When the Web was first spun

By Mark Rawcliffe from the PC Centre Lagoa [email protected]

Two weeks ago saw the 20th anniversary of one of the wonders of the modern computer era – the World Wide Web.

On August 6, 1991, mastermind Tim Berners-Lee, now Sir Tim Berners-Lee, made the web a publicly available service on the internet.

Before it went public, the web was used to allow physicists at the CERN physics laboratory to share data, news and documents, but releasing it to the public, openly available and royalty free, saw the web quickly advance to a globally used service, by individuals and companies, the technologically and not so technically minded amongst us.

The past twenty years have seen the web become an integral part of daily life.

Most, if not all, of us have used or been influenced by the web, either for the better or the worse.

The late 1990s saw the boom and subsequent bust of dot-com businesses. Household names such as eBay and Amazon were amongst the few to survive and have continued to grow.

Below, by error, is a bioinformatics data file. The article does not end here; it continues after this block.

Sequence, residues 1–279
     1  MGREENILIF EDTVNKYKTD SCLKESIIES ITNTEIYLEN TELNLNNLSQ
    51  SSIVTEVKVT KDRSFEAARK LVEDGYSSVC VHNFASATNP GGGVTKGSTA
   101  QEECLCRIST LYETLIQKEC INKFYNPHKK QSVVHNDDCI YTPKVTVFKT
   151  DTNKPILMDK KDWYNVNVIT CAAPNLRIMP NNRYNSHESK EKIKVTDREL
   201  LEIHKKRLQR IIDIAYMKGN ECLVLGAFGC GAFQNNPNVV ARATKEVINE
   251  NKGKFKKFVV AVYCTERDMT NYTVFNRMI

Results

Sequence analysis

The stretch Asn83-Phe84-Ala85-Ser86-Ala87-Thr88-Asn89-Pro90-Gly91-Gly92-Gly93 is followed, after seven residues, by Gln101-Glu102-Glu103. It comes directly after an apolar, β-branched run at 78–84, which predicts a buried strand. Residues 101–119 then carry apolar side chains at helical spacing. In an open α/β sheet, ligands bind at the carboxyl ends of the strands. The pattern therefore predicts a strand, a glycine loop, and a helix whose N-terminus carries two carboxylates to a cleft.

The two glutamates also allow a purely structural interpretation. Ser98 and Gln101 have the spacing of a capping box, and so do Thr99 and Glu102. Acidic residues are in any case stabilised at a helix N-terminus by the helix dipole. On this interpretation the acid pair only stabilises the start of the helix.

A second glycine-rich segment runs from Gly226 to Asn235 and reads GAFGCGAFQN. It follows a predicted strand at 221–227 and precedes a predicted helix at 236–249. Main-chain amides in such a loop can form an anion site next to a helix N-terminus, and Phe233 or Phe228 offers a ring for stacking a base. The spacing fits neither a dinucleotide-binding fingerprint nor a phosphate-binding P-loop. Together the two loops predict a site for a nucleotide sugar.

Many individuals and companies cashed in on the boom, buying and selling domain names – it was almost a licence to print money.

These days, a domain name can cost you less than €10 a year, but purchases do tend to be without regulation in most cases.

Passing off has become big business over the years with obviously jealous individuals and companies alike, attempting to deceive the public that they are who they are not. This newspaper was targeted but discerning readers soon realised what was happening.

Mobile devices, such as Windows Phones, PDA’s, the iPhone and Pads have seen the web ‘on the move’ with more and more users utilising the wealth of information wherever they are. Even televisions are coming equipped with internet capability allowing users the option of using one piece of hardware for all of the entertainment – television, radio, web, gaming – the list goes on and on.

Of course for every positive, there is of course the negative – for me that is email!